Can You Recycle TVs?

Paper city with mechanics underneath and Sadoff logo 11

When you think of recycling you probably think about plastic bottles, aluminum cans, and maybe even glass. What about other things? Can you recycle TVs? That’s a good question. After all, what’s in a TV? It’s mostly plastic, metals, and maybe some glass if we are talking about an old tube TV. Indeed, much of a TV is recyclable, but don’t go throwing it in a blue bin. Special care has to be taken to recycle your TVs. Learn why and where you can take your TVs for recycling here.

Where to Recycle Your TVs in Wisconsin and Nebraska

old tube TV in black and white

If you are looking for an affordable place to recycle your TVs and other electronics in either Wisconsin or Nebraska, then come to Sadoff E-Recycling & Data Destruction. We can handle any volume—large or small, we offer great rates on all manner of electronics, and we can make sure that your electronics are handled with the utmost care.

In Wisconsin, we have locations across the state including Green Bay, Sheboygan, Manitowoc, Oshkosh, and Fond du Lac. We have an additional three locations in Nebraska with one in Lincoln and a b2b location in La Vista.

Read More: Top Trends in E-Recycling

Why is it Important to Recycle TVs?

Really, it’s important to recycle any electronics. The toxic chemicals—more on which chemicals in a moment—are not suitable for landfills and your local recycling program is not equipped to handle them. In short, you should recycle your TVs because there’s nothing else you can do with them once they’ve reached the end of their life.

What Toxic Chemicals are in TVs?

Not all TVs are created the same, and if the chemicals and compounds contained within your TV are a concern to you, then you can consider doing additional research during the buy phase. Some companies are a little more careful than others when it comes to what they use.

  • Mercury—This may be the scariest one. Mercury is highly toxic, and its effects can be both devastating and hard to diagnose. Anxiety, depression, irritability, numbness, memory problems, tremors, and more can all be attributed to mercury poisoning. These effects can be long-term and even permanent. You don’t have to fear your TV for having mercury in it but leaving a TV in a landfill can allow the mercury to leach into the groundwater.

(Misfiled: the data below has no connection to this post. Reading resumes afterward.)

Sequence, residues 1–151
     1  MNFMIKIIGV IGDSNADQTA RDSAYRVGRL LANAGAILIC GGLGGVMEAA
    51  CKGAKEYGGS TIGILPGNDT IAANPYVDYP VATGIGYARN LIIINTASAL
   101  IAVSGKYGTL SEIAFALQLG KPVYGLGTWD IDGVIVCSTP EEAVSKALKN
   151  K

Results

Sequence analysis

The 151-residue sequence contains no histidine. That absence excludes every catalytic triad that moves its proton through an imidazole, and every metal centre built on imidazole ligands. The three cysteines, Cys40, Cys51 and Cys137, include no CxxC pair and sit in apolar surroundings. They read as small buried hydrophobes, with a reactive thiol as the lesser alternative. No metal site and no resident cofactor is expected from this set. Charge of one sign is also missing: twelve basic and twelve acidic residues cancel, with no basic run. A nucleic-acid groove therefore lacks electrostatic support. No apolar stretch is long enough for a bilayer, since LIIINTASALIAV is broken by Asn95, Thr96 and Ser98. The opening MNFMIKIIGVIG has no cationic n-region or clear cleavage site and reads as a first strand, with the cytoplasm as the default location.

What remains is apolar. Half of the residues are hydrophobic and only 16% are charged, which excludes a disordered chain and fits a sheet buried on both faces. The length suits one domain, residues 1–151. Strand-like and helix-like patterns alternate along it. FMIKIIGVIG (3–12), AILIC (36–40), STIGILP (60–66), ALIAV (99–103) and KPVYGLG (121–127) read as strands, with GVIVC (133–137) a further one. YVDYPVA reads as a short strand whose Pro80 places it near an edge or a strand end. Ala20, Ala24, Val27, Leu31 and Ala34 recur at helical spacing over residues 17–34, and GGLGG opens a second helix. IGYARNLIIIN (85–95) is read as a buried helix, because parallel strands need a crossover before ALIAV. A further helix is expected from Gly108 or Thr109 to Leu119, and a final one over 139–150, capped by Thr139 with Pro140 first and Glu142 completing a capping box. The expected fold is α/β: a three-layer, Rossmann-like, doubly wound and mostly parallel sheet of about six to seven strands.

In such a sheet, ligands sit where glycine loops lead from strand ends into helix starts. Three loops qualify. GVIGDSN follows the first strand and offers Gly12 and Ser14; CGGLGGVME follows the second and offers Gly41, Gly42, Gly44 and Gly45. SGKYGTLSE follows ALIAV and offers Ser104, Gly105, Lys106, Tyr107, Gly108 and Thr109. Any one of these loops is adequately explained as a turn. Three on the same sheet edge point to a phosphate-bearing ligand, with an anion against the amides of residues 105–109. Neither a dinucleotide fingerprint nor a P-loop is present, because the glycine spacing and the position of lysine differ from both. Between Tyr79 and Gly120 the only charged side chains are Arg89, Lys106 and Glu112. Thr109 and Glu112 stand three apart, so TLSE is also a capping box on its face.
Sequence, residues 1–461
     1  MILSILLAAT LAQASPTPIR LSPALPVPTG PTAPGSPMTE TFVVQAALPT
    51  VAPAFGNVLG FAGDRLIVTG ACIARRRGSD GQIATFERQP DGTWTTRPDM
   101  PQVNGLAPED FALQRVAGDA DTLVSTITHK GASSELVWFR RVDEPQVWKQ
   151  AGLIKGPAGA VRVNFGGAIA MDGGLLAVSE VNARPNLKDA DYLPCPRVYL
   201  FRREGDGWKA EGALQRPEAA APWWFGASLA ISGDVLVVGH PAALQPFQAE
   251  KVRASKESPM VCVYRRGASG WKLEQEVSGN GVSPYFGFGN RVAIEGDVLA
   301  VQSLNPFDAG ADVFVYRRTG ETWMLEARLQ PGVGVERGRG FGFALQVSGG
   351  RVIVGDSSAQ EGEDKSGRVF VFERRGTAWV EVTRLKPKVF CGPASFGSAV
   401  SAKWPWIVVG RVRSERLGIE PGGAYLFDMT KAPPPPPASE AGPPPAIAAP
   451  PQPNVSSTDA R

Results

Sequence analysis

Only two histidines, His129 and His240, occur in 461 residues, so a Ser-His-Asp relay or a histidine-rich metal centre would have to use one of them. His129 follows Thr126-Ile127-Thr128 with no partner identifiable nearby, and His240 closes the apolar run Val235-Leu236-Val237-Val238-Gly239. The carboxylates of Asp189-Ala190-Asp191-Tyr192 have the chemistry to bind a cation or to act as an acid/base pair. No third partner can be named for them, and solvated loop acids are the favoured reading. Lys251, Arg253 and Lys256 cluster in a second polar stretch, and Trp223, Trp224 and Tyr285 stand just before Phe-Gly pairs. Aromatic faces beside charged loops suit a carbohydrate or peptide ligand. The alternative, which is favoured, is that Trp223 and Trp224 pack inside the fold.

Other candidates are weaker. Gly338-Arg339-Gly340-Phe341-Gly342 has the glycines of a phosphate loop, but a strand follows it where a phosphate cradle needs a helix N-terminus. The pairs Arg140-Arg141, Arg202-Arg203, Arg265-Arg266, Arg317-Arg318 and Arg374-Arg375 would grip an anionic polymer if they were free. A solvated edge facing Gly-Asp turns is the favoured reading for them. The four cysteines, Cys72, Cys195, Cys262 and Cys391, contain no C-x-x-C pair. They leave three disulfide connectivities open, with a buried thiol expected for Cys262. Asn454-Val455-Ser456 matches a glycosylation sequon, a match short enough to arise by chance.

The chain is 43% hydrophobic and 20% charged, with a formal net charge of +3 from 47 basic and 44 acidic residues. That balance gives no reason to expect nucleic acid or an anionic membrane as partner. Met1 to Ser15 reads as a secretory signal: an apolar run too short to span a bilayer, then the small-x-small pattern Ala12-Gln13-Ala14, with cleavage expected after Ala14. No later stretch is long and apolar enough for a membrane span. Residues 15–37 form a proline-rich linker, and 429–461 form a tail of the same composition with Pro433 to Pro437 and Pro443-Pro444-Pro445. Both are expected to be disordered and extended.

• Flame Retardants—Plastic and other elements of a TV can actually be pretty flammable. Though TVs are rarely the cause of fires, as an extra level of precaution and to avoid adding to the spread of a fire that started elsewhere, TV manufacturers have added flame retardants. Unfortunately, many flame retardants can be toxic.
  • Plastic—No, plastic is not toxic to us, but it can be toxic to the environment. Not to mention that most plastics are made from oil. This means the more plastic that can be recycled, the less oil has to be refined, which is also good for the environment. Luckily, most TVs are made from recyclable plastic. It just has to be safely removed from the TV.
  • Non-Toxic Recyclables—This may be a list of toxic chemicals, but we also have to consider the impacts of other materials. TVs are filled with all kinds of metals including silver, gold, platinum, iron, copper, and more. These metals are highly recyclable, but difficult to separate from a TV. This means you can’t do it yourself. However, the more we recycle, the less we have to mine from the earth.

Also remember that though these chemicals are very bad for the environment, they are also essential, to the operation of your TV. In fact, many of these chemicals can be found in any piece of advanced electronics from your phone to your computer.

Why Does it Cost Money to Recycle a TV?

For recycling to work, it has to be profitable. The reason your local municipality does plastic and aluminum recycling is that it can usually eke out a small profit or at the very least break even. Even there, where the metals and plastics can be easily separated and sorted, the margins are always razor-thin, especially when you factor in pick-up costs.

For more complicated recycling, like electronics, it can depend on the type of electronic. For example, at Sadoff E-Recycling & Data Destruction, we are able to make a profit—as of this writing—on recycling many computers and computer components, and we can pass some of that profit on to you. However, TVs currently require a recycling fee. This fee is very affordable and charged by the pound. It’s also far more affordable than electronic drop-off sites which often charge $30 or more for recycling a TV.

With a TV, all the components, metals, and recyclable materials have to be separated out. This requires time, costly processes, and expertise, while also being dependent on the fluctuating prices of recyclables. This is why our prices are subject to change depending on the market value of recyclable material. Regardless, we remain a very affordable way to get rid of your electronics, and we work with both individuals and businesses alike.

Can You Just Throw a TV Away?

You got this far, but maybe you are wondering about the trash. Can you just stuff your TV in a garbage can and call it a day? We hope you don’t consider this an actual option after all that we have talked about already, but to play devil’s advocate, let’s consider this option.

Firstly, in many states, including Wisconsin, throwing a TV in your garbage bin is actually illegal. In other states, like Nebraska for example, it is strongly discouraged. In other words, not only is it the right thing to do, but in many cases, it’s the law.

E-Recycling’s Role in Easing Supply Chain Constraints

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